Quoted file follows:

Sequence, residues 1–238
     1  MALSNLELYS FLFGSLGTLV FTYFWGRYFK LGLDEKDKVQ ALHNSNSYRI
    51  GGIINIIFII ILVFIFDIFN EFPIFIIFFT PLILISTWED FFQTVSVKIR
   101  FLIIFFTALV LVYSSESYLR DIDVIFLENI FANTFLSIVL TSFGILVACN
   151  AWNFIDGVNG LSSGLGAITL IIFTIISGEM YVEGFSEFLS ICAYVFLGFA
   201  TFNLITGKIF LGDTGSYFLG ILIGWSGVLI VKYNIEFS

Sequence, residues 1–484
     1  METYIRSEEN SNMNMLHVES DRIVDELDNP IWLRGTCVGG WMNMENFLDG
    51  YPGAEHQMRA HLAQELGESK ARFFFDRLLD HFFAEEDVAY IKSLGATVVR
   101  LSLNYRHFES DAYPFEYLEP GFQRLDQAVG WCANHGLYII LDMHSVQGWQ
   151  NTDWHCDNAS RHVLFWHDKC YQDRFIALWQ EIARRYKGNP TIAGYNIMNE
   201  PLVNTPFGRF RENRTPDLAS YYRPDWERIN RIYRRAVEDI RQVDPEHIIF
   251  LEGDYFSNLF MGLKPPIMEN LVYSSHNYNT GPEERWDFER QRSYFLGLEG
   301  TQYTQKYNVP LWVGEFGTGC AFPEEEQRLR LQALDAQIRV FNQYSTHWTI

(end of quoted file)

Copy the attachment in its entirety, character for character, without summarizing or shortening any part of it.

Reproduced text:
Sequence, residues 1–238
     1  MALSNLELYS FLFGSLGTLV FTYFWGRYFK LGLDEKDKVQ ALHNSNSYRI
    51  GGIINIIFII ILVFIFDIFN EFPIFIIFFT PLILISTWED FFQTVSVKIR
   101  FLIIFFTALV LVYSSESYLR DIDVIFLENI FANTFLSIVL TSFGILVACN
   151  AWNFIDGVNG LSSGLGAITL IIFTIISGEM YVEGFSEFLS ICAYVFLGFA
   201  TFNLITGKIF LGDTGSYFLG ILIGWSGVLI VKYNIEFS

Sequence, residues 1–484
     1  METYIRSEEN SNMNMLHVES DRIVDELDNP IWLRGTCVGG WMNMENFLDG
    51  YPGAEHQMRA HLAQELGESK ARFFFDRLLD HFFAEEDVAY IKSLGATVVR
   101  LSLNYRHFES DAYPFEYLEP GFQRLDQAVG WCANHGLYII LDMHSVQGWQ
   151  NTDWHCDNAS RHVLFWHDKC YQDRFIALWQ EIARRYKGNP TIAGYNIMNE
   201  PLVNTPFGRF RENRTPDLAS YYRPDWERIN RIYRRAVEDI RQVDPEHIIF
   251  LEGDYFSNLF MGLKPPIMEN LVYSSHNYNT GPEERWDFER QRSYFLGLEG
   301  TQYTQKYNVP LWVGEFGTGC AFPEEEQRLR LQALDAQIRV FNQYSTHWTI